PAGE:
• What mitigations are in place for placing people in care within a 30 mile radius of their home? These are looked at on an individual basis, working with care providers and VCSEs on the options and making those options realistic.
  • Social care and residential/nursing care has changed a lot in the last few decades. In most cases, people placed in homes now have much higher needs, and there is an increased cost to supporting people in the community. Self-funders pay to subsidise the council. We should expect the cost of care to steadily rise, as people need to be employed to do that care. Committee should visit a care home to see how they are looked after.
  • How does payment for care on hospital discharge work? How long does the NHS provide care for hospital discharges, and when are people expected to pay? Funding for hospital discharge is for things like reablement, joint funding comes out of the Better Care Fund. You are entitled to support when you need it, and if they can afford their care, they should pay for it.
  • The direction of travel is getting people care in their own homes – will there be a capital receipt of nursing/residential homes, if it’s a building that won’t be needed once care is provided at home? Not if the home is owned by a private company. We do own some homes and lease them to Somerset Care, and we will have to look at what we will do with those. If you get housing solutions right with the right models, residential care will be different or eventually may not exist. Some care homes will reach the end of their lifespan and can’t be adapted anymore.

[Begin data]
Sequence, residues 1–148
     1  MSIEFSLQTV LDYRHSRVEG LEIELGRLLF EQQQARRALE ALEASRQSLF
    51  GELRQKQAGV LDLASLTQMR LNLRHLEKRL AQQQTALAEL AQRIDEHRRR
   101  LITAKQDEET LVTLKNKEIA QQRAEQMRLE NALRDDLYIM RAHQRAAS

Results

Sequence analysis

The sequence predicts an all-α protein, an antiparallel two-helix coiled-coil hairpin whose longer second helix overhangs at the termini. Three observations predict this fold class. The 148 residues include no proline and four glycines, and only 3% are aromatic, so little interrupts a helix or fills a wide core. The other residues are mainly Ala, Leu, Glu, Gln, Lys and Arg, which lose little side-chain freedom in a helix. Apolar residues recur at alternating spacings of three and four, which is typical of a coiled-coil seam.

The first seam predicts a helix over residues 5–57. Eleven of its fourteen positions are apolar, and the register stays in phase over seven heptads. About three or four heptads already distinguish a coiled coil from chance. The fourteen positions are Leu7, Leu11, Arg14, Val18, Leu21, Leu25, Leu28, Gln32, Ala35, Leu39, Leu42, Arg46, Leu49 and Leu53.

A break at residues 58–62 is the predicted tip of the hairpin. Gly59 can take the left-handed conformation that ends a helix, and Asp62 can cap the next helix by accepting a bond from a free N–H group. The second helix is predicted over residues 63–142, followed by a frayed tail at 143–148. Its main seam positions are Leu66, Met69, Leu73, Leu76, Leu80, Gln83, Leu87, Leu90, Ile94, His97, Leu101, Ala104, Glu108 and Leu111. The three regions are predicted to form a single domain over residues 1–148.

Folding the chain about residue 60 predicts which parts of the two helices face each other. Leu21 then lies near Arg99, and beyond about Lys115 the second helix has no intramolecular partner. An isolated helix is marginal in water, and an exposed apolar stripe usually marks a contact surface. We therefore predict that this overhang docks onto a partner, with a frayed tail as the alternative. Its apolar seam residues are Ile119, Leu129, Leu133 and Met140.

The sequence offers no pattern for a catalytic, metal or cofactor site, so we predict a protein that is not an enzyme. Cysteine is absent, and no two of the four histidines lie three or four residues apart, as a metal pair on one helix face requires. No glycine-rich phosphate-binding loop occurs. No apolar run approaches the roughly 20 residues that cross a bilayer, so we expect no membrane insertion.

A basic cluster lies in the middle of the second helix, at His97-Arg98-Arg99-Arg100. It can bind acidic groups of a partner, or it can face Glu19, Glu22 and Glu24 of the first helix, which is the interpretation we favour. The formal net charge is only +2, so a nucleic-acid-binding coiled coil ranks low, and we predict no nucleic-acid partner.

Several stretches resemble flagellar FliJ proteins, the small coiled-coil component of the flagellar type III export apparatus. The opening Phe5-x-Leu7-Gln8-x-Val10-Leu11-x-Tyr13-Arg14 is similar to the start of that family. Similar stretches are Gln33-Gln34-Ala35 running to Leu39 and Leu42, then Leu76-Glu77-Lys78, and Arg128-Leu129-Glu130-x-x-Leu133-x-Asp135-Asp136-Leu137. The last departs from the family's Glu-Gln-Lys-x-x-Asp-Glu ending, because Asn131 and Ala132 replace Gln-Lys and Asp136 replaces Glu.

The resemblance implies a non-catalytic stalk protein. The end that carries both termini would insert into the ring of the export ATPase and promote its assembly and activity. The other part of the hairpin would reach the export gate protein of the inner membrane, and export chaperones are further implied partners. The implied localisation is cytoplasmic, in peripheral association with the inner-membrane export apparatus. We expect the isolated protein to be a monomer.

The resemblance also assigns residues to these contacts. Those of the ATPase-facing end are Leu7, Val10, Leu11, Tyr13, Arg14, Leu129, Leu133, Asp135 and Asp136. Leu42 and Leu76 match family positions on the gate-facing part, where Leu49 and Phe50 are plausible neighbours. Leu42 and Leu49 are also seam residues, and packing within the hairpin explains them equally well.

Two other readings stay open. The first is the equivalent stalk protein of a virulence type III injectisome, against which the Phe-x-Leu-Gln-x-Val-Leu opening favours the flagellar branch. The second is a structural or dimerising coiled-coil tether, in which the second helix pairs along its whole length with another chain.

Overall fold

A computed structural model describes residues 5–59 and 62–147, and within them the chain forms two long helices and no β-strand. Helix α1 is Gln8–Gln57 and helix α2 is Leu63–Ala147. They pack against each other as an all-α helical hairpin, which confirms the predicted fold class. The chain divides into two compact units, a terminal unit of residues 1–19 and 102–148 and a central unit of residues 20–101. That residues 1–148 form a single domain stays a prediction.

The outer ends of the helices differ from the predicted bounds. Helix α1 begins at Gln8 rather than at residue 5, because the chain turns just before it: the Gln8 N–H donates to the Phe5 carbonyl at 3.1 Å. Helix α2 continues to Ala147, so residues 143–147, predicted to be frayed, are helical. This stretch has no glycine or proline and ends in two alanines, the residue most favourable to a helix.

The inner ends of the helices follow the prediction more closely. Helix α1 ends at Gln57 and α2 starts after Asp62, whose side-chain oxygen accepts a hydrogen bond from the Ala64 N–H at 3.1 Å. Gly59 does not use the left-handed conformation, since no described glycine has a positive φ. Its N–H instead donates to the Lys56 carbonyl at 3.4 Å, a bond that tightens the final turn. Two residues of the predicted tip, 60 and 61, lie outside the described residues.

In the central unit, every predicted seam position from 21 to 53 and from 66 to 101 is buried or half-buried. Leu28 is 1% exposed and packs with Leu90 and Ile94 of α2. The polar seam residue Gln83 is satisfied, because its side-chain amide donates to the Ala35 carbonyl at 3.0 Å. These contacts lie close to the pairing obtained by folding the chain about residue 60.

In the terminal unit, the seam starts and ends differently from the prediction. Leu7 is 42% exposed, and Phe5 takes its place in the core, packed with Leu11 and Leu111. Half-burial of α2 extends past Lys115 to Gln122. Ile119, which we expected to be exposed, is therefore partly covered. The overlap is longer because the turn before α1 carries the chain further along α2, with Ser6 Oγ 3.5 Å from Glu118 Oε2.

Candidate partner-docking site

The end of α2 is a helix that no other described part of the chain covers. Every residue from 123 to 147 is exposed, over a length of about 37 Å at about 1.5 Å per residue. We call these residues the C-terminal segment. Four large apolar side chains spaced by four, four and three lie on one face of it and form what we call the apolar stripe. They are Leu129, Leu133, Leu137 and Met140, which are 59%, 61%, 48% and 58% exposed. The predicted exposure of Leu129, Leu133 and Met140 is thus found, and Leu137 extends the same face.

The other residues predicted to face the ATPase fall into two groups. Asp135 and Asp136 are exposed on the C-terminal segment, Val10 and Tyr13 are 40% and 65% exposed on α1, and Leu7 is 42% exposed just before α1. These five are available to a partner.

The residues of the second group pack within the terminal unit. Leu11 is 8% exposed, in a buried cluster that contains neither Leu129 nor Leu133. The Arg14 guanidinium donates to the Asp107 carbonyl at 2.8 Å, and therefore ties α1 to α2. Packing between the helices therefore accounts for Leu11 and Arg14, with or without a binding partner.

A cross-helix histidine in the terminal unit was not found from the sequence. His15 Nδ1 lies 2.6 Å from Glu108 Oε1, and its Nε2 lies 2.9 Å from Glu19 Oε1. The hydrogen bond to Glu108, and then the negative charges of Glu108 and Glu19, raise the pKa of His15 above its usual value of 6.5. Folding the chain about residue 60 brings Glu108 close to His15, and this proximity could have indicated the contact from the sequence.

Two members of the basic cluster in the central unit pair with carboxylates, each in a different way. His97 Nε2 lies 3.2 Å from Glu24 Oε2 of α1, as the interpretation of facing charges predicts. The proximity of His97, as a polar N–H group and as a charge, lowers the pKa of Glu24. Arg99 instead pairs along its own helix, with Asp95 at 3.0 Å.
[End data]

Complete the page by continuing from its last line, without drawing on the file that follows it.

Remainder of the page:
• People can have care in their homes at the same cost as nursing homes. How can we get that message out to people? The message is starting to get out there – it’s out there for people who can afford it. There are challenges around how we spend public money and how it is used for everyone, it depends what care is available to meet their need.
  • Concerns about the cuts to mental health services– feels like the wrong time to cut that. No savings are savings we would want to put forward in an ideal world. There would be worse cuts if a Section 114 was issued and commissioners came in. We put forward the things that are the least worst.
  • There was a government grant to help us educate our own carers - £19m between Bridgwater and Minehead. What is the progress on that? This is Bridgwater Academy, there is capital money coming in for the building, the work is still ongoing.
  • Concerns about the impact of loneliness on people receiving care in their own homes. We are looking at how do we talk to families, do wrap around care, and support them to live the lives they want. If carers are the only people visiting that person, how do we support them? We need to find the right solution.


Cllr Slocombe (chair) thanked Mel Lock, Emily Fulbrook, and Penny Gower for their report and their hard work.